Electromagnetic Compatibility


Electromagnetic Compatibility


EMC explained

Do you ever stop to wonder why you are asked to turn off mobile phones and electronic games in an aircraft for take-off or landing or in a hospital, where there are other electrical and electronic systems on which many people's lives may depend?

Interference to digital TV quality


Or is your favourite radio programme interrupted by interference or your TV screen covered in 'snow', for the older analog technology or “breaking up” of the image (see TV screen image above) on the screen for digital technology, when someone uses a vacuum cleaner, an electric drill, or a wireless device such as a mobile phone nearby? Most of the older generation will still remember such problems, even if today (thanks in part to IEC International Standards) they have largely been overcome.


Successful avoidance of these problems illustrates what is called electromagnetic compatibility (EMC).


In simple terms, EMC describes the ability of electronic and electrical systems or components to work correctly when they are close together. In practice this means that the electromagnetic disturbances from each item of equipment must be limited and also that each item must have an adequate level of immunity to the disturbances in its environment.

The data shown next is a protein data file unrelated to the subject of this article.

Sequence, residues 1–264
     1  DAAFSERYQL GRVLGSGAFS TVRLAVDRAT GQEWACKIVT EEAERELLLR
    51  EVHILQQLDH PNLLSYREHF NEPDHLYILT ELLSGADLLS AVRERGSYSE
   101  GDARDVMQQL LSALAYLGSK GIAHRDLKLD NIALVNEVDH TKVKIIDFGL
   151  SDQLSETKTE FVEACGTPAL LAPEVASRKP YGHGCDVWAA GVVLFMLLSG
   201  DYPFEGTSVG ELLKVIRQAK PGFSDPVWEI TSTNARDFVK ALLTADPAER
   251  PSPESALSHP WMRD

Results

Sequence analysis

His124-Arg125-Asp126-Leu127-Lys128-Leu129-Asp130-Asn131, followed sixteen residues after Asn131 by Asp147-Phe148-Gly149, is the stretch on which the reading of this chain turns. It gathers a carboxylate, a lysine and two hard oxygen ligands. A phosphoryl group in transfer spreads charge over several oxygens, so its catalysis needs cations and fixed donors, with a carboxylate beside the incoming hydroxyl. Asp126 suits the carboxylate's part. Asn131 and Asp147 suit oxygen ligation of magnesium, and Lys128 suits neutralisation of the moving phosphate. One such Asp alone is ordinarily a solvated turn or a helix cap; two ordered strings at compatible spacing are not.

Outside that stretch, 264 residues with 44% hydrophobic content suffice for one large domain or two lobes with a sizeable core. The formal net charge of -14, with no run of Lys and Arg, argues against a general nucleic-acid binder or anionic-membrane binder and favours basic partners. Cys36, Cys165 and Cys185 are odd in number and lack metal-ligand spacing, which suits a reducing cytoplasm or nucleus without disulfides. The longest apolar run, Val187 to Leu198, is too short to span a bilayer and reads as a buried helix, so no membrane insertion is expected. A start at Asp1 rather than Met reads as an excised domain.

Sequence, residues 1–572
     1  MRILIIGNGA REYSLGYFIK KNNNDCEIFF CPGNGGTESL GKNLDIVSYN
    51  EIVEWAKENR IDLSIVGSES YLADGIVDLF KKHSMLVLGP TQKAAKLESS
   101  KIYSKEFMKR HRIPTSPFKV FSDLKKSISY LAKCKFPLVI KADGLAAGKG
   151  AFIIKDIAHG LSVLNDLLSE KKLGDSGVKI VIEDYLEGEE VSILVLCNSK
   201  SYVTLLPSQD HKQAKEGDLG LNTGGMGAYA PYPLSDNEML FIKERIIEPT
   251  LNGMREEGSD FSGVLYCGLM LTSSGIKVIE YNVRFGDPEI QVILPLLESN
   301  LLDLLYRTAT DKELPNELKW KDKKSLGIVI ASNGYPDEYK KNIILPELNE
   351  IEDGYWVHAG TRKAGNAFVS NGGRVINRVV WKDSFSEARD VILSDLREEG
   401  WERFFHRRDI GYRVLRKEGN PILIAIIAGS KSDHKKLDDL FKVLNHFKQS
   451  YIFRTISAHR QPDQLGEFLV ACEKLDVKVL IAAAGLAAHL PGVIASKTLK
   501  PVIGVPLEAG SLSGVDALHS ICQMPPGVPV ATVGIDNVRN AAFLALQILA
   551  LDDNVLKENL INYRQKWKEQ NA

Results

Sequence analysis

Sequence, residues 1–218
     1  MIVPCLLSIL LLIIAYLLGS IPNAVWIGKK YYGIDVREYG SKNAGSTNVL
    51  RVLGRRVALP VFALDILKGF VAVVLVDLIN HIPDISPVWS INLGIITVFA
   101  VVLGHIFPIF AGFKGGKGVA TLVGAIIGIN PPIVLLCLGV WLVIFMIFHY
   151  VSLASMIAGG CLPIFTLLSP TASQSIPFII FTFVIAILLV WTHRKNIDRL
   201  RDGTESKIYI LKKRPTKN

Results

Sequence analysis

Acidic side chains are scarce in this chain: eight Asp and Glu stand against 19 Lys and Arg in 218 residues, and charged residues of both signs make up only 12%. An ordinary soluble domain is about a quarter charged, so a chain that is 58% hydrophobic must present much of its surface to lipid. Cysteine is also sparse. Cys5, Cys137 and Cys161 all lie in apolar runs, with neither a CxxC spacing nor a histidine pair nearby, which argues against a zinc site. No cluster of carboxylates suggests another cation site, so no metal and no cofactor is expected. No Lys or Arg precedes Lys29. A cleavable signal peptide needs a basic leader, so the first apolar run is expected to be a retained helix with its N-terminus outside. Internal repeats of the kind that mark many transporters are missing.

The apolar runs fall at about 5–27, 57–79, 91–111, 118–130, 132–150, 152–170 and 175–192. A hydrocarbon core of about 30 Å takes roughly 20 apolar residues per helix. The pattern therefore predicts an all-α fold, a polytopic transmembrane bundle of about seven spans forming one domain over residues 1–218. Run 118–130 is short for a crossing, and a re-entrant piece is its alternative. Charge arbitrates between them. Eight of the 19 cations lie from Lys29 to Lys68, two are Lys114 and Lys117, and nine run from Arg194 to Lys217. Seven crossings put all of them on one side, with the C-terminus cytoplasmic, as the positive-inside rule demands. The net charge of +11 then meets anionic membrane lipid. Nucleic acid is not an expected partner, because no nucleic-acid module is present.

We indicate that there are sources of disturbances to equipment. IF they affect the equipment adversely, we indicate that the disturbances caused interference affecting the equipment's performance.


EMC concerns us all


The aim of EMC is to ensure the reliability and safety of all types of systems wherever they are used and exposed to electromagnetic environments. So EMC development is closely linked with the whole field of electrical and electronic engineering, including the design and testing of these systems.


The subject concerns industry which develops, tests and manufactures equipment and also those who rely on, for example, the omnipresent electronic elements in heart pacemakers, ABS vehicle braking systems, laptop computers or air traffic control systems.


It is therefore only natural that the IEC, with the global coverage of its International Standards and other technical publications, has been deeply involved with EMC for many decades and will continue to be so.